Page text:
AdAge has an article about Minority Report-style ads, such as ones currently running in NYC’s Grand Central Terminal and in the subways: “The ads are projected on the floor of a venue and allow consumers to move, drag and kick things around. They’re the Reactrix Step Scape ads, and they’re just a part of the company’s plans to make out-of-home advertising more accountable and engaging in the near future.”
They’re also experimenting with ones that work on walls. But the real purpose will become clear later this year, when marketers will be able to direct folks to the nearest place to buy the thing they just messed around with on the floor.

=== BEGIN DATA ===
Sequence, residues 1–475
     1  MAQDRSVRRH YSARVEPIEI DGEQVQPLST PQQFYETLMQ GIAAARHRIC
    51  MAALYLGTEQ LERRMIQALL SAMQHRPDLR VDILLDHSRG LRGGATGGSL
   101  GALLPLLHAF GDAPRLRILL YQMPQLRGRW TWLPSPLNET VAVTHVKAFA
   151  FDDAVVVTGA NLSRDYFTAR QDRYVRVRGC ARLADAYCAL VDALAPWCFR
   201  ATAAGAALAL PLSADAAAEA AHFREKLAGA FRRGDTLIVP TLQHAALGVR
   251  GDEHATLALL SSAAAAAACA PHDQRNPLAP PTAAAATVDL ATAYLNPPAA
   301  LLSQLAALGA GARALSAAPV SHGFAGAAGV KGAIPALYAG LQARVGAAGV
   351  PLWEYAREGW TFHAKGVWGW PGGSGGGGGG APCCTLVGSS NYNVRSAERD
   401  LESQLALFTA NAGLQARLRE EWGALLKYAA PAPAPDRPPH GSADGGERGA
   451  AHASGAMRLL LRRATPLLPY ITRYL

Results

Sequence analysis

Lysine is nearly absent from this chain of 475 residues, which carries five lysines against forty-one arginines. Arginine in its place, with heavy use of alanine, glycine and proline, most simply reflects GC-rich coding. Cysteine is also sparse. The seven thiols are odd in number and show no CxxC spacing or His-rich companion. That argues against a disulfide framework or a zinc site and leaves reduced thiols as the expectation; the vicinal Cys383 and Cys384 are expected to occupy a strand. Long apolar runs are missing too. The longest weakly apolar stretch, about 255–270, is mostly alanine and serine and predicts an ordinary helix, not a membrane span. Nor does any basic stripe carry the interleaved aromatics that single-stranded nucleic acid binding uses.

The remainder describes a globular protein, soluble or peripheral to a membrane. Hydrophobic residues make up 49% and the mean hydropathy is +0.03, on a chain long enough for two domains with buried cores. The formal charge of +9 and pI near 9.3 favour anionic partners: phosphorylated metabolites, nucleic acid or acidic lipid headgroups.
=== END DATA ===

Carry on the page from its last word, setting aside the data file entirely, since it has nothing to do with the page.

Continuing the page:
The wireless carriers are picking up on this, not just for future phone interfaces (as this nifty Software Everywhere post indicated), but for advertising. Daryl Evans, VP-advertising and marketing communications for AT&T Mobility, said in the article that metrics from the brand’s recent promotion with Reactrix showed a “demonstrated ability to break through a cluttered environment, and more broadly, brought TV-like accountability to an out-of-home buy.”
This all relates to location-based cell phone services, where companies look to target advertising based on your GPS-enabled location, and grew out of the desktop scene with Google Local’s contextual ads by zip code.
Message: if you’re out there, they’ll find you and advertise to you.
(Photo credit from Pikesoft.com)